Since all my colleagues and I have worked our shifts while suffering from worse symptoms than these (well, not the marijuana, I hope), we have understandably lost some of our natural empathy for such patients. When working with a cold, flu or headache, I often feel I am like one of those cute little animal signs in amusement parks that say “you must be taller than me to ride this ride” only mine should read “you must be sicker than me to come to our emergency department.” You’d be surprised how many patients wouldn’t qualify.
At a time when we have an unprecedented obsession with health (Dr. Oz, “The Doctors,” Oprah and a host of daytime talk shows make the smallest issues seem like apocalyptic pandemics) we have substandard national wellness. This is largely because the media focuses on the exotic and the sensational and ignores the mundane.
Our society has warped our perception of true risk. We are taught to fear vaccinations, mold, shark attacks, airplanes and breast implants when we really should worry about smoking, drug abuse, obesity, cars and basic hygiene. If you go by pharmaceutical advertisement budgets, our most critical health needs are to have sex and fall asleep.
Somehow we have developed an expectation that our health should always be perfect, and if it isn’t, there should be a pill to fix it. With every ache and sniffle we run to the doctor or purchase useless quackery such as the dietary supplement Airborne or homeopathic cures (to the tune of tens of billions of dollars a year). We demand unnecessary diagnostic testing, narcotics for bruises and sprains, antibiotics for our viruses (which do absolutely no good). And due to time constraints on physicians, fear of lawsuits and the pressure to keep patients satisfied, we usually get them.
Yet the great secret of medicine is that almost everything we see will get better (or worse) no matter how we treat it. Usually better.
The human body is exquisitely talented at healing. If bodies didn’t heal by themselves, we’d be up the creek. Even in an intensive care unit, with our most advanced techniques applied, all we’re really doing is optimizing the conditions under which natural healing can occur. We give oxygen and fluids in the right proportions, raise or lower the blood pressure as needed and allow the natural healing mechanisms time to do their work. It’s as if you could put your car in the service garage, make sure you give it plenty of gas, oil and brake fluid and that transmission should fix itself in no time.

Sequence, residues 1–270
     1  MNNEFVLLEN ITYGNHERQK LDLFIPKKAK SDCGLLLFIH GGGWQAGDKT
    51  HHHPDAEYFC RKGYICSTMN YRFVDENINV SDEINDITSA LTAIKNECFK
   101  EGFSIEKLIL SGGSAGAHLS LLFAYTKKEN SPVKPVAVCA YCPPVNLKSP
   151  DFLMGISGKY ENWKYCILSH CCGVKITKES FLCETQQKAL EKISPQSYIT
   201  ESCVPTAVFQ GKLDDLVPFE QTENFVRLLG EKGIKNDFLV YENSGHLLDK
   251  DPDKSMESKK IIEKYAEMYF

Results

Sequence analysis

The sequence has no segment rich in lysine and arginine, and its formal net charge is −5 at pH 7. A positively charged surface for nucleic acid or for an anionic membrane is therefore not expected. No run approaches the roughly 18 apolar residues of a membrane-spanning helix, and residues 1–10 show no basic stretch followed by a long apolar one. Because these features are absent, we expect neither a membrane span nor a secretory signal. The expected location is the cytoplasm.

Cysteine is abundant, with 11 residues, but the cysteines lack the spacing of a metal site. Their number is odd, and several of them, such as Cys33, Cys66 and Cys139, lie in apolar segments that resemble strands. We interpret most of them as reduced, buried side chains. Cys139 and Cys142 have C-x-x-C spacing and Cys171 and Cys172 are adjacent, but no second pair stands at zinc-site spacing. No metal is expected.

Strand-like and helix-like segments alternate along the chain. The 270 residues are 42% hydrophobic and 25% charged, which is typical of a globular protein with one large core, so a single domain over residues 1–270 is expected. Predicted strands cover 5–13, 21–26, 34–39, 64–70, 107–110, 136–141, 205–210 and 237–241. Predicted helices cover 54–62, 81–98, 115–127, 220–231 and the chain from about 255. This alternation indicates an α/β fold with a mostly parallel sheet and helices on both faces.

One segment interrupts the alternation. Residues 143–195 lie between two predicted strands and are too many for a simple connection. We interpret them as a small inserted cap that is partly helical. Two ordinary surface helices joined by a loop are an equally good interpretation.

The bottom line is that most conditions are self-limited. This doesn’t mesh well with our immediate-gratification, instant-action society. But usually that bronchitis or back ache or poison ivy or stomach flu just needs time to get better. Take two aspirin and call me in the morning wasn’t your doctor being lazy in the middle of the night; it was sound medical practice. As a wise pediatrician colleague of mine once told me, “Our best medicines are Tincture of Time and Elixir of Neglect.” Taking drugs for things that go away on their own is rarely helpful and often harmful.
We’ve become a nation of hypochondriacs. Every sneeze is swine flu, every headache a tumor. And at great expense, we deliver fantastically prompt, thorough and largely unnecessary care.
There is tremendous financial pressure on physicians to keep patients happy. But unlike business, in medicine the customer isn’t always right. Sometimes a doctor needs to show tough love and deny patients the quick fix.
A good physician needs to have the guts to stand up to people and tell them that their baby gets ear infections because they smoke cigarettes. That it’s time to admit they are alcoholics. That they need to suck it up and deal with discomfort because narcotics will just make everything worse. That what’s really wrong with them is that they are just too damned fat. Unfortunately, this type of advice rarely leads to high patient satisfaction scores.
Modern medicine is a blessing which improves all our lives. But until we start educating the general populace about what really affects health and what a doctor is capable (and more importantly, incapable) of fixing, we will continue to waste a large portion of our health-care dollar on treatments which just don’t make any difference.
Dr. Thomas A. Doyle is a specialist in emergency medicine who practices in Sewickley (firstname.lastname@example.org